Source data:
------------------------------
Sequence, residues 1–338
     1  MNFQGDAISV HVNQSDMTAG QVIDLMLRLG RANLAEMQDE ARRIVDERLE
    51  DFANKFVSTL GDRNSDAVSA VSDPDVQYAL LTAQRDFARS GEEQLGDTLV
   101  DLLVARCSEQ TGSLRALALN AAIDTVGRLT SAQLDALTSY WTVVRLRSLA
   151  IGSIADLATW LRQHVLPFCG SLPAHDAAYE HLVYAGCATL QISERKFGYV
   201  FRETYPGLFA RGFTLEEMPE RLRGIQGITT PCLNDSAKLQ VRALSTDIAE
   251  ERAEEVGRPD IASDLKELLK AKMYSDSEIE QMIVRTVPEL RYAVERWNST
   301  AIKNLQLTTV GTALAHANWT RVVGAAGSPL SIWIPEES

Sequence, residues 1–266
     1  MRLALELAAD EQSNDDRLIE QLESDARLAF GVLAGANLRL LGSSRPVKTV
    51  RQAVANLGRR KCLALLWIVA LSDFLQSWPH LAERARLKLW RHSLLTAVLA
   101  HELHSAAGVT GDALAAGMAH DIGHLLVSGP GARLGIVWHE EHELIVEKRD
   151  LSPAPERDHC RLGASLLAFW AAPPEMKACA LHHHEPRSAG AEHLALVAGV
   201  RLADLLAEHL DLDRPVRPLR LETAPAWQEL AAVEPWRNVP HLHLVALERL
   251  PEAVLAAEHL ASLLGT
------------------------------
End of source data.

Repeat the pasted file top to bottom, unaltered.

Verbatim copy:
Sequence, residues 1–338
     1  MNFQGDAISV HVNQSDMTAG QVIDLMLRLG RANLAEMQDE ARRIVDERLE
    51  DFANKFVSTL GDRNSDAVSA VSDPDVQYAL LTAQRDFARS GEEQLGDTLV
   101  DLLVARCSEQ TGSLRALALN AAIDTVGRLT SAQLDALTSY WTVVRLRSLA
   151  IGSIADLATW LRQHVLPFCG SLPAHDAAYE HLVYAGCATL QISERKFGYV
   201  FRETYPGLFA RGFTLEEMPE RLRGIQGITT PCLNDSAKLQ VRALSTDIAE
   251  ERAEEVGRPD IASDLKELLK AKMYSDSEIE QMIVRTVPEL RYAVERWNST
   301  AIKNLQLTTV GTALAHANWT RVVGAAGSPL SIWIPEES

Sequence, residues 1–266
     1  MRLALELAAD EQSNDDRLIE QLESDARLAF GVLAGANLRL LGSSRPVKTV
    51  RQAVANLGRR KCLALLWIVA LSDFLQSWPH LAERARLKLW RHSLLTAVLA
   101  HELHSAAGVT GDALAAGMAH DIGHLLVSGP GARLGIVWHE EHELIVEKRD
   151  LSPAPERDHC RLGASLLAFW AAPPEMKACA LHHHEPRSAG AEHLALVAGV
   201  RLADLLAEHL DLDRPVRPLR LETAPAWQEL AAVEPWRNVP HLHLVALERL
   251  PEAVLAAEHL ASLLGT